Claxton was ejected with about five minutes to play which obviously shortened his night, but even before that, the team should have looked at him more.

Defense Stays Legit...With a Similar Achilles Heel

The Warriors came into this contest ranked third in offensive rating over their last 10 games. They ranked third as well in team field goal percentage (50.3%), but put up .462/.182 splits tonight. You might not feel like celebrating right now, but that’s a subtle victory for this Nets defense amid its return to the switch.

Brooklyn also forced 13 turnovers this evening. Their work in that department largely contributed to their early lead. They’ve done an especially good job timing their doubles lately. Help defenders can frequent be found collapsing in on unwanted paint visitors, poking the ball away before shot attempts.

Where things broke down was on the glass, as the Nets lost in that department by a -22 margin. While Ben Simmons, Day’Ron Sharpe, and Dorian Finney-Smith vacancies left them at a disadvantage much like in the Phoenix game, tonight’s rebounding discrepancy felt more like one born more out of minimal effort rather than missed height. Going to bat for his players, Jacque Vaughn disagreed.

“I wouldn’t say it’s a lack of effort. I never want to put our guys in that kind of box but there is a physicality to rebounding,” Vaughn said. “It’s good for our group to take a look at individual clips. You know, did you have a body on a body? In order for us to win games we got to be okay with with the level of physicality.”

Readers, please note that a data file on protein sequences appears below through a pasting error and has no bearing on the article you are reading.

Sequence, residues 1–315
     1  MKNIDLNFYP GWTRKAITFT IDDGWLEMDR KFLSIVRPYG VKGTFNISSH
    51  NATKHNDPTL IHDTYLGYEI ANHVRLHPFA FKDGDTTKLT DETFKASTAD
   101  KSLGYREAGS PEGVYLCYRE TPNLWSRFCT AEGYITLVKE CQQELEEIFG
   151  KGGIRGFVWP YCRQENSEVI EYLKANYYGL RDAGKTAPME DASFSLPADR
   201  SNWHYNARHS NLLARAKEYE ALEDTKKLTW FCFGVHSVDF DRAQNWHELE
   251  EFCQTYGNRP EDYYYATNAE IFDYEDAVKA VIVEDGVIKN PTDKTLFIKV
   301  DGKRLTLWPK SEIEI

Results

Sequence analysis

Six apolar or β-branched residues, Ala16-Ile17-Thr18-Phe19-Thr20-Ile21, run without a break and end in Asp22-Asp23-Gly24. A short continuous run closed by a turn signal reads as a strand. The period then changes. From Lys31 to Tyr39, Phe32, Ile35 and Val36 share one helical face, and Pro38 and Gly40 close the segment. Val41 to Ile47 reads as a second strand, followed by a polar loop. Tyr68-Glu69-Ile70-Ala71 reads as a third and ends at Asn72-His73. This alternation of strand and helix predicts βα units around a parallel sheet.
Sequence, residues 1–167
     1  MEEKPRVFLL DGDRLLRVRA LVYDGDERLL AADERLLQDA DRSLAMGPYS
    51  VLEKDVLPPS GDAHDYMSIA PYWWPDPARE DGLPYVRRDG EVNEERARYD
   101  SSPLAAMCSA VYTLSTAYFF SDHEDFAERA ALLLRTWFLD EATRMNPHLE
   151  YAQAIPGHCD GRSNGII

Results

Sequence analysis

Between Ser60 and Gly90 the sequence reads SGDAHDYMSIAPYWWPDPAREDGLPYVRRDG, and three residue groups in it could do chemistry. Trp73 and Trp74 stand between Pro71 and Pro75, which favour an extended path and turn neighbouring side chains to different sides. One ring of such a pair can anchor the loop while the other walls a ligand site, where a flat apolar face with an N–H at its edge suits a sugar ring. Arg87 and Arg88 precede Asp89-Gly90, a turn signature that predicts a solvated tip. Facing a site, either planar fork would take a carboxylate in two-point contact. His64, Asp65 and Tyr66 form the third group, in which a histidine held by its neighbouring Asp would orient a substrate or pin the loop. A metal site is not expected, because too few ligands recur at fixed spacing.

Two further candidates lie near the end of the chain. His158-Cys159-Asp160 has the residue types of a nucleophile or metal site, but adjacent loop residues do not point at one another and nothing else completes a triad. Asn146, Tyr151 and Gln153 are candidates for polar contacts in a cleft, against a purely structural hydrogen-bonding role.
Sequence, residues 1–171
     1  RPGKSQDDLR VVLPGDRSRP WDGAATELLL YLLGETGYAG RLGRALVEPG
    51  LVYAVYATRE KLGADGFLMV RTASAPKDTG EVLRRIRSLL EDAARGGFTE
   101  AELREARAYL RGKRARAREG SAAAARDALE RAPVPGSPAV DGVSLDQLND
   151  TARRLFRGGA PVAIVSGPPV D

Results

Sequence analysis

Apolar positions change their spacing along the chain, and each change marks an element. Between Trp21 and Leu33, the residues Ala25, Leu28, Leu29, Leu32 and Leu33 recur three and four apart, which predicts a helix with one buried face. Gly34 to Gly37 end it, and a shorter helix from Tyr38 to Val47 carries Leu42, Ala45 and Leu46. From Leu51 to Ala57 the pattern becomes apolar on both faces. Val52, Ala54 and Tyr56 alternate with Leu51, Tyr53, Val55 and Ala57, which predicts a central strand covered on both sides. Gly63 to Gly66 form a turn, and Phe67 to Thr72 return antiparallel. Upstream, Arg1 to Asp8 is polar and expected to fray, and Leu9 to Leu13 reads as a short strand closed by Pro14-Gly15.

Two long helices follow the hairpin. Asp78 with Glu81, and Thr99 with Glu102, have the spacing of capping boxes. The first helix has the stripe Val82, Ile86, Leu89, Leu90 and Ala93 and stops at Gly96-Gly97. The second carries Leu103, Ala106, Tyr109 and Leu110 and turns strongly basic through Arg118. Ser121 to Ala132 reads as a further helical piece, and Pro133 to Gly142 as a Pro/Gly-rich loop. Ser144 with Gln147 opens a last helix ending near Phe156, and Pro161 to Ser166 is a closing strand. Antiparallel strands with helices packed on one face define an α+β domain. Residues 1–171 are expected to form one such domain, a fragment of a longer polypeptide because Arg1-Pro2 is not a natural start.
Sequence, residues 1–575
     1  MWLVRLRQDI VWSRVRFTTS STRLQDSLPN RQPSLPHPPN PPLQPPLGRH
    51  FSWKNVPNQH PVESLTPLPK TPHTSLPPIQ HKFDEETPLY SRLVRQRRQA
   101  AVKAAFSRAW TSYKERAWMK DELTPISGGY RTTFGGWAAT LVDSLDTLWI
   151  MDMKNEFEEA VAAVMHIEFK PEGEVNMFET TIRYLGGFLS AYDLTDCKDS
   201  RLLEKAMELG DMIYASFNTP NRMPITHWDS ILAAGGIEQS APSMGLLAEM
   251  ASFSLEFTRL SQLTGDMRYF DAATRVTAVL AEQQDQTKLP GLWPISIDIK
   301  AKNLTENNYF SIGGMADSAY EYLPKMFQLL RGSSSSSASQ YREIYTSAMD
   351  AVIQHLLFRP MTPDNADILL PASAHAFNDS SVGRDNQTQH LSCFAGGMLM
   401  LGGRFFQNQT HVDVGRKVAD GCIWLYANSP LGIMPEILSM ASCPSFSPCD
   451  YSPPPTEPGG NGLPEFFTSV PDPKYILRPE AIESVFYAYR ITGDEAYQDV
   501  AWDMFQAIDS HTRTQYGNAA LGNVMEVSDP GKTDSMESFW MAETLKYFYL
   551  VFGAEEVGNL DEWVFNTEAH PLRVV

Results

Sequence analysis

Either way, the Nets allowed Brandon Podziemski to collect 11 boards, while Lester Quinones came up with seven. Both guys stretch out to just 6’4” and collectively out-rebounded taller wings Spencer Dinwiddie, Mikal Bridges, and Royce O’Neale. No matter where you place the blame, that’s unacceptable.

Had the Nets boxed out better and the team shot at an average clip, they likely walk away with a win tonight with the game ball going to their collective defense. Not this time though.

Never Count out Royce O’Neale

My lone positive takeaways centers around the man who shot the Nets back into it down this game’s stretch. Whether its a positive for the Nets from a on-court perspective or in terms of juicing up a guy’s trade value I’ll leave up to the reader.

O’Neale came into the fourth quarter shooting 0-6 from the field as well as 0-6 from deep. While the shot quality was high, he struggled find nylon. But against the odds, his hot shooting ended a focal point of our discussion post game, as he hit five straight in the final frame to finish 5-12 from deep.

“All I got to do is see one go in and I’ll be alright,” O’Neale said postgame.

Rolls Royce finished with 15 points thanks to his heater and while he’s had big fourth quarters before both in and out of the Nets uniform, tonight’s was arguably the most impressive given the slow start he experienced.

Brooklyn (or maybe someone else) will need him to continue to do so with fellow sharp shooters Johnson and Walker IV suffering injuries tonight. If they miss time, Brooklyn will be moving forward with only four true floor spacers in Bridges, Thomas, Dinwiddie, and O’Neale. That’s an absolute nightmare for a modern day offense.